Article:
- FATF discovered gaping loopholes in the U.K.’s ant-AML and crypto strategies
- The Taskforce says there is a need for the U.K. to overhaul its reporting mechanisms
- FATF wants the U.K. to extend regulations to cover AML/CFT requirements
The Financial Action Task Force wants the United Kingdom to up its game as far as it concerns cryptocurrency regulation. This will help strengthen the country’s cryptocurrency sector and help in the fight against money laundering and terrorist financing.
UK to Introduce Crypto Regulations Soon?
The intergovernmental financial security body that was formed by the G7 in 1989 to conduct research on matters to do with money laundering expressed this desire their latest report released on December 7, 2018, which showed there were gaping loopholes in the country’s anti-AML strategies.
The task force, which has been looking critically at the challenges involving cryptocurrencies since February 2018, acknowledged that the UK was trailing the blaze with a “robust understanding” on the areas monitoring and preventive measures, it left a lot to be desired with dealing with cryptocurrencies. The report said:
“The UK acknowledges the inherent vulnerabilities associated with the anonymity of VCs [virtual currencies], and while the risk of ML/TF in this area is assessed as low, the UK acknowledges that there are intelligence gaps and VCs are being used in illicit activity […] as a result, the UK intends to regulate virtual currency exchange providers under its implementation of the EU’s fifth Anti-Money Laundering Directive.”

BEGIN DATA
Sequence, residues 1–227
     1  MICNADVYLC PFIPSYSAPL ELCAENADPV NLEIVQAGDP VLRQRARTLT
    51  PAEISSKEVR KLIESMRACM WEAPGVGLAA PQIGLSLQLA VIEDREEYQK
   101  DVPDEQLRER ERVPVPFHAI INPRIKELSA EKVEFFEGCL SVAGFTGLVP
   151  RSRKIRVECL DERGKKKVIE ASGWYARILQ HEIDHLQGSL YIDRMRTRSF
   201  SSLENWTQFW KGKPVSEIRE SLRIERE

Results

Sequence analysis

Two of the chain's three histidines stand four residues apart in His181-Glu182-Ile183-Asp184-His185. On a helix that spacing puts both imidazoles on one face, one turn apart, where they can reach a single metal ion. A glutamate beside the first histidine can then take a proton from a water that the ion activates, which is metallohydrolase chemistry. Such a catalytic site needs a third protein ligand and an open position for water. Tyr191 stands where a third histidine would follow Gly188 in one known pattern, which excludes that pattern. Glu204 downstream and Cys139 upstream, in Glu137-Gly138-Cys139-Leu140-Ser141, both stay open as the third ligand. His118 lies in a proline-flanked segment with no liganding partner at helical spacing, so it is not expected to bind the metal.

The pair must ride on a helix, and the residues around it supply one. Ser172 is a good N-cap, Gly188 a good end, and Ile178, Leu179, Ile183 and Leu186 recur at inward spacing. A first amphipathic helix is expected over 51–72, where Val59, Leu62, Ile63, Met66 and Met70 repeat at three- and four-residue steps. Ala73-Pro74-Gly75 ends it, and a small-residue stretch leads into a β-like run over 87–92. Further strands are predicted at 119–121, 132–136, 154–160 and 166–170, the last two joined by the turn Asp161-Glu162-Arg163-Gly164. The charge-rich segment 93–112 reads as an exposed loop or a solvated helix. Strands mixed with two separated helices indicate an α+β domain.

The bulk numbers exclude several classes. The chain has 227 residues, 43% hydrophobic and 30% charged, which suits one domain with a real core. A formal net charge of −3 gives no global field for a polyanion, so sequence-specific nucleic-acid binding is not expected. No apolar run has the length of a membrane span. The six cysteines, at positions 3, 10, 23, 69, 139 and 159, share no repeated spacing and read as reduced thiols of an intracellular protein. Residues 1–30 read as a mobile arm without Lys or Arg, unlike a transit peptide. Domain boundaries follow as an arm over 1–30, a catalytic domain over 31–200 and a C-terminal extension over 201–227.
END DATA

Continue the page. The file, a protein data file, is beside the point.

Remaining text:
The FATF further says in the report that as part of its dedicated “mutual evaluation” of the UK’s Anti-Money Laundering (AML) and Combat Financing Terrorists (CFT), they discovered an urgent need for the government to urgently overhaul its mechanisms for reporting suspicious activities. The task force found that sectors of the economy such as high-value dealers and real estate agents did not understand the risks associated with cryptocurrency-based money laundering and how to mitigate them. Saying that Virtual currency exchange providers were not covered by the existing AML/CFT requirements, the report added:
“This is an emerging risk and there is not yet evidence to suggest that broad scale ML/TF is occurring in the UK through this relatively small sector.”
The UK has made several initiatives towards regulating the local cryptocurrency industry. The regulatory shift caused the local blockchain business owners to create an association to help them get official attention. The different initiatives have been greeted with mixed reactions with some stakeholders fearing the possibilities of some instruments like Bitcoin futures being blacklisted under the new rules.
While acknowledging that the UK had “identified and assessed the risks associated with new payment methods” and there were plans to extend regulations to cover AML/CFT requirements, FATF has urged the UK to “progress plans to extend supervision to virtual currency exchange providers.”